On the positive front, decline in yields on borrowings will lower interest costs for both the Centre and also the states, it said
Economists at State Bank of India said on July 20 that the country's debt-to-GDP ratio will expand to 87.6 percent at the end of the current fiscal from 72.2 percent in FY20 on the back of additional borrowing by the government in wake of the COVID-19 pandemic.
More than four percentage points of the rise in the debt-to-GDP ratio is attributable to the drop in growth, which is going to result in GDP contraction during the year, the economists said, requesting on measures to address growth rather than adopting fiscal conservatism.
The economists in a note said that the higher debt amount will also lead to the shifting of the FRBM (Fiscal Responsibility and Budget Management) Act, 2003, target of combined debt to 60 percent of the GDP by seven years to FY30.
It said the moot point is whether the debt is sustainable, and added that over USD 500 billion in forex reserves can take care of the external debt while servicing the internal one is also not an issue.
“In the current situation our nominal GDP growth is likely to contract significantly and based on this our interest-growth differential will turn positive in FY21, thus raising serious questions on debt sustainability," it added.
On the positive front is the decline in yields on borrowings which will lower the interest costs for both the Centre and also the states, it said.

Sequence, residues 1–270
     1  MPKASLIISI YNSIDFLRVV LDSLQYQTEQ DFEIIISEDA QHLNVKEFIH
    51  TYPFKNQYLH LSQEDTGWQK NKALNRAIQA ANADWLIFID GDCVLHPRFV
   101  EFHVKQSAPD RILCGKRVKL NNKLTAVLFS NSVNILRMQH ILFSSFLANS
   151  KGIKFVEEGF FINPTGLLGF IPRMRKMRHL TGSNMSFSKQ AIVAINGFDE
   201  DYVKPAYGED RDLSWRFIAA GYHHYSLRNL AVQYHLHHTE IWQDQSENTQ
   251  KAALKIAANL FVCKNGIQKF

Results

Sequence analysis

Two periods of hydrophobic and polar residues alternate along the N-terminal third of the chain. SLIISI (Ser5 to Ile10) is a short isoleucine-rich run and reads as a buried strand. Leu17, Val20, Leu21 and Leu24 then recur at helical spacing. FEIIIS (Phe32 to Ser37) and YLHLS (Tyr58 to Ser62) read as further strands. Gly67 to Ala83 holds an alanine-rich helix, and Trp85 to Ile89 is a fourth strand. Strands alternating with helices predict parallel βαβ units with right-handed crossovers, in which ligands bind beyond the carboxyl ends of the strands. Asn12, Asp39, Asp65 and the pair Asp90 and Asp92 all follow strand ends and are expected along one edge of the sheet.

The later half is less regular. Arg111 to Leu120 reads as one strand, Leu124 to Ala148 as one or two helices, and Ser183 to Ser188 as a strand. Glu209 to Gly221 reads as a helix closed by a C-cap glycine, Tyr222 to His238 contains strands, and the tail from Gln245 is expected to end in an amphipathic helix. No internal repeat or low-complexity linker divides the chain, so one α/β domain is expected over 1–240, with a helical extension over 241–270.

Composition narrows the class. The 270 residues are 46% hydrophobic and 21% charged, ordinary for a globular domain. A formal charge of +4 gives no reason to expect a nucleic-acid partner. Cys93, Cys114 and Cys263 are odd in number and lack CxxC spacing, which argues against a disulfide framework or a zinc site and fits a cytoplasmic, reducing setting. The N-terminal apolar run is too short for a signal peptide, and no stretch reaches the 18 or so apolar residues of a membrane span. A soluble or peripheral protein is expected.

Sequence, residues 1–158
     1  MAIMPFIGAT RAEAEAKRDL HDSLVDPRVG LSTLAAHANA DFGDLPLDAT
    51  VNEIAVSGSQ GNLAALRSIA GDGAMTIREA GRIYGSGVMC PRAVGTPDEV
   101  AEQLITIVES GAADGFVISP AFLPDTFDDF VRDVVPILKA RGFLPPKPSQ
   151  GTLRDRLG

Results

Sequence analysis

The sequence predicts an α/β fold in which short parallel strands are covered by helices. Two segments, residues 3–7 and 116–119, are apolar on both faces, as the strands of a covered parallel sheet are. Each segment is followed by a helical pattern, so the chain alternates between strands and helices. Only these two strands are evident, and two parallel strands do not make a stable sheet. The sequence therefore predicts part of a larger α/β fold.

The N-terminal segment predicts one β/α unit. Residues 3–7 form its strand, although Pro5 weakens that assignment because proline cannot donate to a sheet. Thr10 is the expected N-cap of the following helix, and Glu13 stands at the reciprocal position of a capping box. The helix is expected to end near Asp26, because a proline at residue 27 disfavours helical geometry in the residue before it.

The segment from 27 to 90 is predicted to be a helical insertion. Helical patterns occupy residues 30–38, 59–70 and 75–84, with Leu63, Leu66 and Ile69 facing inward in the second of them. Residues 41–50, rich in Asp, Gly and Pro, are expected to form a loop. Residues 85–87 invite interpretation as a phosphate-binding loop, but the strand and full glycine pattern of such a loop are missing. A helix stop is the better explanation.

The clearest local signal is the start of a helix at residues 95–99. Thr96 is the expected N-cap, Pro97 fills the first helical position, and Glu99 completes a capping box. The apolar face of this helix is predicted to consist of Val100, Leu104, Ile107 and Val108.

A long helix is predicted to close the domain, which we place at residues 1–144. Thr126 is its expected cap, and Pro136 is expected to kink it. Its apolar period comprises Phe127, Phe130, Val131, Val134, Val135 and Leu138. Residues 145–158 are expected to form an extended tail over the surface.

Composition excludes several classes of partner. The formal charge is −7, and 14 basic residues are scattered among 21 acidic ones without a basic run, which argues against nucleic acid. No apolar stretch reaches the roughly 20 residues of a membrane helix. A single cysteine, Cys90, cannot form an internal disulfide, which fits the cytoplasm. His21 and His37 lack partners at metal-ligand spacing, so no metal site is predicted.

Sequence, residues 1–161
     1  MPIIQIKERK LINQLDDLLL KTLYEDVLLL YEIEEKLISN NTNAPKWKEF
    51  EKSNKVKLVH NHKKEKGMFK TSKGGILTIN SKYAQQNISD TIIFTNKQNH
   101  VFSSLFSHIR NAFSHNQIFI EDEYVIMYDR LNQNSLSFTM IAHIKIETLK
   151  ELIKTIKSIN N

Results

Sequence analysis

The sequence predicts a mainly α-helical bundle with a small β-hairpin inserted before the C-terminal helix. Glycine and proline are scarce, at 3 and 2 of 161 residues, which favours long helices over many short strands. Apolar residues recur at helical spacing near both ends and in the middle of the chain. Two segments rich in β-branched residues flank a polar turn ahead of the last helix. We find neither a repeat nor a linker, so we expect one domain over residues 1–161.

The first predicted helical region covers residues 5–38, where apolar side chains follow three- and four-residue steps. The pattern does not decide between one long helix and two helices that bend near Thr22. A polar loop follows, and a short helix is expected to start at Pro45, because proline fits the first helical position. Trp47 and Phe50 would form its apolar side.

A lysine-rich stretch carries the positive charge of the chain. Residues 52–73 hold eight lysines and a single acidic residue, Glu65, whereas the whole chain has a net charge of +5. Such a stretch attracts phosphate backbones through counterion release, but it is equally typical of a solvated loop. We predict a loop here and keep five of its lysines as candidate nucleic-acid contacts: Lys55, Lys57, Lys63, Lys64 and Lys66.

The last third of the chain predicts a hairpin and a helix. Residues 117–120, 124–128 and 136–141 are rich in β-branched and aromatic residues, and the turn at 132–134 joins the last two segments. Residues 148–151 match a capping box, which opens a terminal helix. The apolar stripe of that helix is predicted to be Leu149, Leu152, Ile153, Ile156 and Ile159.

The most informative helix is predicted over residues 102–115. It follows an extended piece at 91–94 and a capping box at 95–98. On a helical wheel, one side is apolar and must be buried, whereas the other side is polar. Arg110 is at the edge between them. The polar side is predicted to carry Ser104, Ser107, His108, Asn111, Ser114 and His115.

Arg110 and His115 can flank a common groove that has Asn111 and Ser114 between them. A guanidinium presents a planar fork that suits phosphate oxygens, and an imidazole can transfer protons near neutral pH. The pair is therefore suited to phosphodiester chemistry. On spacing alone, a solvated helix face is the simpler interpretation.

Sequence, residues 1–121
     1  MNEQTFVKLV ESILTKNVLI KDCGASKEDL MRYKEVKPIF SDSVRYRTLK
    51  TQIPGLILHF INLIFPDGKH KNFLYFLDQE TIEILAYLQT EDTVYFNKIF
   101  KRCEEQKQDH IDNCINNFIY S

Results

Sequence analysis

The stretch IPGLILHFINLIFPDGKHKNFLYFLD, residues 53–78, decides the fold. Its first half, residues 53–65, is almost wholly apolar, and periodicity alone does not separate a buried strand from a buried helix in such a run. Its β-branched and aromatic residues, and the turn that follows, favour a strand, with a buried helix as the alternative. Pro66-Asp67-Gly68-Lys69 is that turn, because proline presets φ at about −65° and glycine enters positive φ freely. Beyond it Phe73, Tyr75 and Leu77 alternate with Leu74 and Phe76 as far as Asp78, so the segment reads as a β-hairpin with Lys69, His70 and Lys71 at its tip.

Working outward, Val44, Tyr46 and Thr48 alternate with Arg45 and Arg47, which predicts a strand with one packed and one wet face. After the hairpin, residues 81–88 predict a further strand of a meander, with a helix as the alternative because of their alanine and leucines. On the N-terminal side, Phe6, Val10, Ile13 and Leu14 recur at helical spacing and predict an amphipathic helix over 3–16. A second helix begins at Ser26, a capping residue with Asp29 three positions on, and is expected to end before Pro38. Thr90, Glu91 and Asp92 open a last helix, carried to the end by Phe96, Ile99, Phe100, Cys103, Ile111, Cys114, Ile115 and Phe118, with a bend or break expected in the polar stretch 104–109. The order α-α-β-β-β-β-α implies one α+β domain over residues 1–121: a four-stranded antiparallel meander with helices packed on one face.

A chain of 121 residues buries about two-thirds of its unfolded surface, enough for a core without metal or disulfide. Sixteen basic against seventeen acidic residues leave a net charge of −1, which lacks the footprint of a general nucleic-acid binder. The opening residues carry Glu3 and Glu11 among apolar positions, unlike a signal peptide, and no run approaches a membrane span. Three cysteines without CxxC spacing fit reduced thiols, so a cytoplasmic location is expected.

The economists pitched for direct monetization of the deficit by the RBI amid the coronavirus crisis.
“We strongly emphasize that direct monetization is both a mathematical and a preferred policy option that could facilitate borrowing at a lower cost and anchor inflationary expectations at least for now as it will be liquidity substitution in lieu of deficient government revenue,” it said.
From a mathematical perspective, they contended that banks will have to bring down their excess statutory liquidity ratio (SLR) holdings, which stand at 28.5 percent at present, if the RBI depends on only open market operations. In such a scenario, credit growth will have to pick up by 6 percent, which is a 'seemingly difficult proposition'.“We believe in the Indian context, if we properly execute monetization of government deficit through options like COVID perpetual bonds, the government can take advantage of issuing longer term papers at lower rates now as rates will come down further,” it said.